When you try to download something, you're presented with a security warning about how the software could potentially harm your computer. If you install the program despite this warning, your firewall often displays an intimidating dialog asking whether you really want to trust this application enough to let it talk to the outside world. It's a one-two punch that's driving away many would-be users of desktop software.
Maybe that's part of the problem, but I'm sure that there are other factors involved as well, such as:
- Collaboration is easier with web apps: Collaborating on a file is often done by passing it around via email messages, which requires the extra step of attaching it to a mail message, not to mention the conceptual overhead of files and filesystems. I know lots of people who when asked “Where did you save your speadsheet?”, answer with “I saved it in Excel.”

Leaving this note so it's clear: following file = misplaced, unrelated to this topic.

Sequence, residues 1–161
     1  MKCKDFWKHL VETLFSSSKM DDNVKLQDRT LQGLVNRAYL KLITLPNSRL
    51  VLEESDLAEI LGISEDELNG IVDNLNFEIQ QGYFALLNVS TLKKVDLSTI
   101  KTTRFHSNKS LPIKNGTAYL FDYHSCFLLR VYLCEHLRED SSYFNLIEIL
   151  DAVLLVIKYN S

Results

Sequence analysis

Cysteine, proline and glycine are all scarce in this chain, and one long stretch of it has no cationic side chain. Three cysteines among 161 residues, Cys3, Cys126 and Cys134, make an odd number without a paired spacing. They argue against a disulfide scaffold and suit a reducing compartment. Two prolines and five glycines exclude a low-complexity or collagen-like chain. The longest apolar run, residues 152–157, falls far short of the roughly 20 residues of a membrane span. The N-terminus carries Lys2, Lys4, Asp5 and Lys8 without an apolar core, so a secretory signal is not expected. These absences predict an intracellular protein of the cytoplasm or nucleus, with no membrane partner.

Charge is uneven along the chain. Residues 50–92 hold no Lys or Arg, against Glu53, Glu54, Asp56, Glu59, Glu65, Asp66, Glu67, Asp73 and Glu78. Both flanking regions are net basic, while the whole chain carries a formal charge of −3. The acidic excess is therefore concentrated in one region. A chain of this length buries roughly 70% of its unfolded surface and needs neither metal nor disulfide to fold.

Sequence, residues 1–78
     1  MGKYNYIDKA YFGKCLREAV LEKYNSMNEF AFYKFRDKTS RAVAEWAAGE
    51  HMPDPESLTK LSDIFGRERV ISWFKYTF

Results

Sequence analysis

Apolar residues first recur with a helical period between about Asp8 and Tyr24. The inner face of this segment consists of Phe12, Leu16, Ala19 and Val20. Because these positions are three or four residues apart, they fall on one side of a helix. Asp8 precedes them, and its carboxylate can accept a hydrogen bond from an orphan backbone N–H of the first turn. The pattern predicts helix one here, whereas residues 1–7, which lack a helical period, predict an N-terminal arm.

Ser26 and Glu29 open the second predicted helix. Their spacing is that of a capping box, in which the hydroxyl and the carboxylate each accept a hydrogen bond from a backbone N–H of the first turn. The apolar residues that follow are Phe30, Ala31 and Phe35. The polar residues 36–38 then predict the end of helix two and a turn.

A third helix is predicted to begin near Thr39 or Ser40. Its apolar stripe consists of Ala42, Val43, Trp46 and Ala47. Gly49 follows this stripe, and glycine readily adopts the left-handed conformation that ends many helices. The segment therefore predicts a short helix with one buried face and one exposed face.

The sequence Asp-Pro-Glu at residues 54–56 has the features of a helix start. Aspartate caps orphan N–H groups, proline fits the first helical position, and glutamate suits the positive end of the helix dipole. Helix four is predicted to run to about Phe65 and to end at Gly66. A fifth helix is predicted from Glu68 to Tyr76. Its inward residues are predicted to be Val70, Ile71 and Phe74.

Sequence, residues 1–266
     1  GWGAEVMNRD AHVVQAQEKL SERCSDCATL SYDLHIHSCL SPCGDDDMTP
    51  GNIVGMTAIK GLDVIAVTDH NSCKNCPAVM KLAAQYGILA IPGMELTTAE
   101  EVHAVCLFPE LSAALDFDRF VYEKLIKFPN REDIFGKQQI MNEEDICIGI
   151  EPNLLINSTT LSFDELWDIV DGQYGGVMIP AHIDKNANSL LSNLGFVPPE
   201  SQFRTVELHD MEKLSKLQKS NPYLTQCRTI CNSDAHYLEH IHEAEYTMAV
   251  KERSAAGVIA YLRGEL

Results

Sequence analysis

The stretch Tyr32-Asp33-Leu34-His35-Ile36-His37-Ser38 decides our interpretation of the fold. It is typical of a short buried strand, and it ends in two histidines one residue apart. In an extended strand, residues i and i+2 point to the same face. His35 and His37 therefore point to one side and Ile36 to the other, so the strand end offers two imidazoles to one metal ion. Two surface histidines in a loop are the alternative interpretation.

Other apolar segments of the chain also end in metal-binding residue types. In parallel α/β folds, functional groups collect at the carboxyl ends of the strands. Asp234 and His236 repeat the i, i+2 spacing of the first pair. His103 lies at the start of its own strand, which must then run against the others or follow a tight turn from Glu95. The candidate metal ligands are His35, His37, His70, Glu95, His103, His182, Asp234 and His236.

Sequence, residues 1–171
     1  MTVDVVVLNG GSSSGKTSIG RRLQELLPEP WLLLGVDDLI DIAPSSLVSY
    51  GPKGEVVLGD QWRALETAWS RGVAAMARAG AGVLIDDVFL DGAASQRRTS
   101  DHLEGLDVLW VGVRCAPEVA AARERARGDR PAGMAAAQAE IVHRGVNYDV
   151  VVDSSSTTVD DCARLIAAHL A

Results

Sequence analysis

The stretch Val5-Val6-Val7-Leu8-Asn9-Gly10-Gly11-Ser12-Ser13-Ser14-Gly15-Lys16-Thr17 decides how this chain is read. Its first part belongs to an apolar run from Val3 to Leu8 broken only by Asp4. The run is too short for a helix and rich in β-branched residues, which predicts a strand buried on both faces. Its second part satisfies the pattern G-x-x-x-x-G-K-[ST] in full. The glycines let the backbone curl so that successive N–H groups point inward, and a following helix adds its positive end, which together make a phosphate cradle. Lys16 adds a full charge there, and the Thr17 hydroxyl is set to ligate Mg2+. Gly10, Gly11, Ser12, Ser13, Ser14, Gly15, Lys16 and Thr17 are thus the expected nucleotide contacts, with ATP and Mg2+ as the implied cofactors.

- Many web apps are free of charge to the user: For the casual user of web apps, the price tag of a desktop app may the barrier to entry; why buy something when someone's offering the same functionality for free?
- Slickness: A good number of web apps — consider the 37signals ones — are beautifully designed, whereas desktop apps are staid-looking creatures by comparison.
- No update headaches: This is really an extension of the headaches associated with installation. Just as web apps free you from having to do installation, they also free you from having to do updates.
- Easier on the IT staff: At a recent presentation by Microsoft Canada, I watched a twenty minute-long presentation just on the application and update deployment features of Vista. This sort of thing has always been one of IT's biggest headaches, and moving to a web-based app — which gets rid of a lot of installation issues — is appealing to IT.